WASHINGTON (TIP): The answer to the ”Run, Hillary, Run” exhortation from the Clintonistas will be available this weekend. To no one’s great surprise, Hillary Clinton is expected to formally announce that she will run for President in 2016, aiming to return to the White House where she was the First Lady 24 years ago.
The announcement is expected to come in the form of a video message that will be posted Sunday on social media, bypassing the traditional legacy media, according to Clinton supporters. She will then head out to the early-voting states of Iowa and New Hampshire to make her case to voters who rejected her bid for the Democratic nomination eight years ago when they chose a young, little-known first-term senator named Barack Obama.
Among the several challenges Hillary Clinton will face, aside from her age (69) in what will be a grueling 18 months of campaigning before election day in November 2016, is a complex dynamic with the electorate, including with the Democratic party base. She is at once America’s best known and least known politicians, her aides are saying (”most unknown famous person in the world” in their terminology) as they seek to re-introduce her to US voters. They want to go beyond her record as First Lady, New York Senator, and Secretary of State to portray her a woman of substance and an effective Presidential candidate.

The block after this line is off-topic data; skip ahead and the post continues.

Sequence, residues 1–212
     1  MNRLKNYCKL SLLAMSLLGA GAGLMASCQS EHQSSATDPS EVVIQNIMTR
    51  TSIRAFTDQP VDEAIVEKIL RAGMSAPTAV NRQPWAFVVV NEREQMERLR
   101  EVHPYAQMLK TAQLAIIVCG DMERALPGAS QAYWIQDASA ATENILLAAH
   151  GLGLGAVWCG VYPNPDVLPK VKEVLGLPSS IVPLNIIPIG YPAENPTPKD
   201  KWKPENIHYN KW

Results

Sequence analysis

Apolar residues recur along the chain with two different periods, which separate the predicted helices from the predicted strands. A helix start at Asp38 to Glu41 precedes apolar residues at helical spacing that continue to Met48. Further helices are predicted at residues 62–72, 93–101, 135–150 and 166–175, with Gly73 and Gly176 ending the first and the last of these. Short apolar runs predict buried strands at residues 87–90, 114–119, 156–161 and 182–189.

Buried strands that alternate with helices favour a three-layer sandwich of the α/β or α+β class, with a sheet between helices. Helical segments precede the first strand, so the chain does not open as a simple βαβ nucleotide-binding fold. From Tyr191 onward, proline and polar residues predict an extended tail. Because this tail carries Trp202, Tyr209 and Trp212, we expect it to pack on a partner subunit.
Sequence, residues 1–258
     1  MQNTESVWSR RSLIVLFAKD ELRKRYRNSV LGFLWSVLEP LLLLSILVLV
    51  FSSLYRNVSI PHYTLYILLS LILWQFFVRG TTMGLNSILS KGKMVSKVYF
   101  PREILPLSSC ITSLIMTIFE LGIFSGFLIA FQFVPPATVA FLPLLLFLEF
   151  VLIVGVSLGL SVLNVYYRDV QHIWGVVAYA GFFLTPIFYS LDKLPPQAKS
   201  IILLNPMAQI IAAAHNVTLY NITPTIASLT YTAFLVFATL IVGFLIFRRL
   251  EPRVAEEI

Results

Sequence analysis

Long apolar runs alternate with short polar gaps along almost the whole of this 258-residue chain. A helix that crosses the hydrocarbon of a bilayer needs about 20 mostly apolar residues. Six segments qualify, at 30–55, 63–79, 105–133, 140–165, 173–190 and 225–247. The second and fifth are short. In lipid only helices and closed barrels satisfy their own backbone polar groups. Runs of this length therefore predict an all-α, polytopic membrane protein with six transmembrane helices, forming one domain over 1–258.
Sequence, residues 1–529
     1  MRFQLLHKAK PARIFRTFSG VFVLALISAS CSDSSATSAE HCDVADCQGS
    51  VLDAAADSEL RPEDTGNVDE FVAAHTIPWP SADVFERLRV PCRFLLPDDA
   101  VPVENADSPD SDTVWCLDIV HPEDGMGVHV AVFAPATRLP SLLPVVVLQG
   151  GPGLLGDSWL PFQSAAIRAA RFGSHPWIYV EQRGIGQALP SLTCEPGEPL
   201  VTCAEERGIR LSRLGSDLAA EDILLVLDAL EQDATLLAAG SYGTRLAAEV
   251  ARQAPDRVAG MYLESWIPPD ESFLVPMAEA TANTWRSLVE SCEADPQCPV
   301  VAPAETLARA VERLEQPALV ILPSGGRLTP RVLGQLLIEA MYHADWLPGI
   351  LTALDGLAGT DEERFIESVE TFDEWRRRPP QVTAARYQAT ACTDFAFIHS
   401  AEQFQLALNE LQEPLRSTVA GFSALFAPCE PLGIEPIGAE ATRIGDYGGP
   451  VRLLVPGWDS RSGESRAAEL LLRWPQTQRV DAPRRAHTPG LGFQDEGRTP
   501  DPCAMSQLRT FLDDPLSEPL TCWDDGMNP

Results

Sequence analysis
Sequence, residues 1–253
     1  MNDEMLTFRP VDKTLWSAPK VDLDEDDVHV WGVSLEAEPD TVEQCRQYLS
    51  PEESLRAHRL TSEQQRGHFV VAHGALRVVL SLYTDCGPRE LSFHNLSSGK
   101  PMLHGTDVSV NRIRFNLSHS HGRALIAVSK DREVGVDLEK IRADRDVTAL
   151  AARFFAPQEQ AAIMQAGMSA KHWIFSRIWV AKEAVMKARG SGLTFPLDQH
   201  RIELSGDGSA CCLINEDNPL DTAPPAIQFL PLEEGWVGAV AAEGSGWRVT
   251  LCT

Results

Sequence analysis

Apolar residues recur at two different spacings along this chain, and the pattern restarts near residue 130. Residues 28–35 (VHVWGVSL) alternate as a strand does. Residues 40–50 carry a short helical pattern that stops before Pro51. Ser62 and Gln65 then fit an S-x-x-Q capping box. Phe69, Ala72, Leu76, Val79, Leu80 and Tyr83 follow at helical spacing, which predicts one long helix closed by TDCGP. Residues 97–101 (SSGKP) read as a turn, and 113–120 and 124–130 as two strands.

Hillary Clinton has hired key staff in recent days for her campaign, and is also said to have finalized space for campaign headquarters in Brooklyn, New York. Her husband, former President Bill Clinton, said in a recent interview that his role ”should primarily be as a backstage adviser to her until we get much, much closer to the election” – in other words, he will take a backseat for now till she really needs him later.